Below is an email I received from a friend in Zimbabwe. I have attached all the files referenced in the email at the bottom of this post. Read it and weep for the people of Zim.
Time for an update on the Zim dollar!!
I should have sent a couple of updates in between these last two, but things continue to change at an alarming rate and the task of capturing some of the details (or highlights?) becomes more and more daunting. I thought I'd have to change the title of the e-mail, since for a while we were not billionaires any more…but seems like we are there again!
To backtrack a bit: In July 2008 we went out of the country for about 3 weeks. During that time, a $100 000 000 000 (100 billion) note was released (see attached scan). These seem to be highly sought after, being the world's highest denomination notes currently used - and one of the highest ever. (Apparently Yugoslavia once had higher…). US$100, GBP100, etc. were being offered for mint notes on e-bay, etc.
The day we arrived back in Zimbabwe from our trip, 1 August 2008, the Zim government removed 10 zeros from our currency - so the 100 billion notes were short-lived. They still continue to be legal currency, even now, but even after a few weeks, were virtually worthless.
Removing 10 zeros meant that we had to print a whole new set of notes - and we continue to print higher and higher denominations as the need arises (i.e. every 2 weeks or so!). The highest released at the beginning of August was the new $100 note (which, add 10 zeros, equated to $1 Trillion)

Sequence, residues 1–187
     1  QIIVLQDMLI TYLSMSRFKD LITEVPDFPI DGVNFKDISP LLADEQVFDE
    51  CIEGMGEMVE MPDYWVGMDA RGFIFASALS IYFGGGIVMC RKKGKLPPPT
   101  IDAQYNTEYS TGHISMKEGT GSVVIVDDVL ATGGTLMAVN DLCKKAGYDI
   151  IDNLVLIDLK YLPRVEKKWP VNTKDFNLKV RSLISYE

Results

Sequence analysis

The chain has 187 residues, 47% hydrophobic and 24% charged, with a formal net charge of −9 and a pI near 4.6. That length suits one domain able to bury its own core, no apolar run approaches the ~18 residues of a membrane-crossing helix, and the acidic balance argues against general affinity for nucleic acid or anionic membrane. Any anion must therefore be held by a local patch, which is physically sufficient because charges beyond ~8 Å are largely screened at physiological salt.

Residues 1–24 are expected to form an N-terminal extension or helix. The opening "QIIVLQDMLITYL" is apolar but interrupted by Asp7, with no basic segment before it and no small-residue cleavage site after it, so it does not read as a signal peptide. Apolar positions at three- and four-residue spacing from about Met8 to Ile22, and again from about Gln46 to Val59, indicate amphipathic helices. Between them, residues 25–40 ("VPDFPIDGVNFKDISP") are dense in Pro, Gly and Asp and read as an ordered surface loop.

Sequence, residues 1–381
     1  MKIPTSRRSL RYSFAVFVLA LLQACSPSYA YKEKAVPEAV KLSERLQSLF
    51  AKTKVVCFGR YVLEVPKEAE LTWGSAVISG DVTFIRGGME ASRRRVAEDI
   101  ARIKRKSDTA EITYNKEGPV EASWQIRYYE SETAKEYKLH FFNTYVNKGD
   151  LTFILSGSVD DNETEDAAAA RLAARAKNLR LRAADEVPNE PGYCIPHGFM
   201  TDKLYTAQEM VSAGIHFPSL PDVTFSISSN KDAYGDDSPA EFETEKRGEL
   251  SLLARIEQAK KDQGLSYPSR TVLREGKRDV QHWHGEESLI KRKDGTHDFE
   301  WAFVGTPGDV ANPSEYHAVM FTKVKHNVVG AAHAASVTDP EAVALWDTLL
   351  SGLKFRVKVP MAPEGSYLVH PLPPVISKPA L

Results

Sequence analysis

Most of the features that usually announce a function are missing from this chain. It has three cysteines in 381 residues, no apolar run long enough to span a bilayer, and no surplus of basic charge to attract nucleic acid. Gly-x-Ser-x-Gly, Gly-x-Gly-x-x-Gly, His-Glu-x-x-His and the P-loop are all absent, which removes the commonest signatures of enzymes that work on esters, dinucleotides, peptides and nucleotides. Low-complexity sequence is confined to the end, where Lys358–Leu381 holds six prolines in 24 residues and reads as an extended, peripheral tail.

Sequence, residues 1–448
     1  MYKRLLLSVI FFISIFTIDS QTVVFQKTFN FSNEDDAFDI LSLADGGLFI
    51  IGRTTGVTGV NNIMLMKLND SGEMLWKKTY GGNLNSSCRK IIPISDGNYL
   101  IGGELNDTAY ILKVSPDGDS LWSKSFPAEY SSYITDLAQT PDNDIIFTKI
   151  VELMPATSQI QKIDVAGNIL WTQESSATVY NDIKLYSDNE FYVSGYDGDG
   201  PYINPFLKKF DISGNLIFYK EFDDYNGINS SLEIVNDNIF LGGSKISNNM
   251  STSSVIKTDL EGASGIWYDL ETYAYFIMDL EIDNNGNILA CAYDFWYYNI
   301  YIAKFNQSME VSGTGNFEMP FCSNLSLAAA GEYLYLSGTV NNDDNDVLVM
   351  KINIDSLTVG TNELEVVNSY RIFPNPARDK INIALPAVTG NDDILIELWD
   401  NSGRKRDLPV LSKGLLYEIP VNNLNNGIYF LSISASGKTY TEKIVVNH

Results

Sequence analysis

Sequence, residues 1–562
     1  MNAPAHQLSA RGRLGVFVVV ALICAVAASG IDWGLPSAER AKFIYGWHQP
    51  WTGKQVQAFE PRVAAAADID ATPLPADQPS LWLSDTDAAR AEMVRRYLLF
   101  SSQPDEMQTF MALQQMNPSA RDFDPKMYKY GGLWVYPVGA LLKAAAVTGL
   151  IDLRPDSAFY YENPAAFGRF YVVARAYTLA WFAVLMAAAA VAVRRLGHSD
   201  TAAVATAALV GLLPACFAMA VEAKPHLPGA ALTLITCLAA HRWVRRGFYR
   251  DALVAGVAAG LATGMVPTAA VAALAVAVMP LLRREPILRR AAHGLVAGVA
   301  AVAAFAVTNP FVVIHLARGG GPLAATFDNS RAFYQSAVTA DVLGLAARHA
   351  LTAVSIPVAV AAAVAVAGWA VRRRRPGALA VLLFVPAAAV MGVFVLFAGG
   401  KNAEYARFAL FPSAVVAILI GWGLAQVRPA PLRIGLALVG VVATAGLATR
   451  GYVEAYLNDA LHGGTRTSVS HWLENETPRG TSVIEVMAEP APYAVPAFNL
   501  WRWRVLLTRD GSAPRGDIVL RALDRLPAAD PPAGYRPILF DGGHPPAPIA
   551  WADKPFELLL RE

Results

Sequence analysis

1 Trillion = new $100 note
500 billion = new $50 note
200 billion = new $20 note
100 billion = new $10 note
50 billion = new $5 note
10 billion = new $1 note
2 'new' coins were released, $10 and $25, both minted in 2003 and not previously circulated. (Who knows why?… but it does explain why they removed 10 zeros, not 9, in August 2008, so they could use these pretty new coins for a few weeks!!)
…then they also allowed back into circulation all the OLD coins - pre-2003, or whenever it was we previously stopped using coins. The coins retained their face value - e.g. $5 coin remained new $5 value! Whoopee! People fished out their old collections of coins (we had a small bucketful, which Katelyn and friends used to dive for in the pool) and had the use of these for a few weeks. They are still legal but couldn't buy anything after a few weeks of re-release! We kept our nicer coins for our collection and got rid of all those that were pool-tarnished.
So the old coins now had the new value (…add 10 zeros).
New $25 coin = pre-August value of $250 billion
New $10 coin = " " " $100 billion
Old $5 coin = $50 billion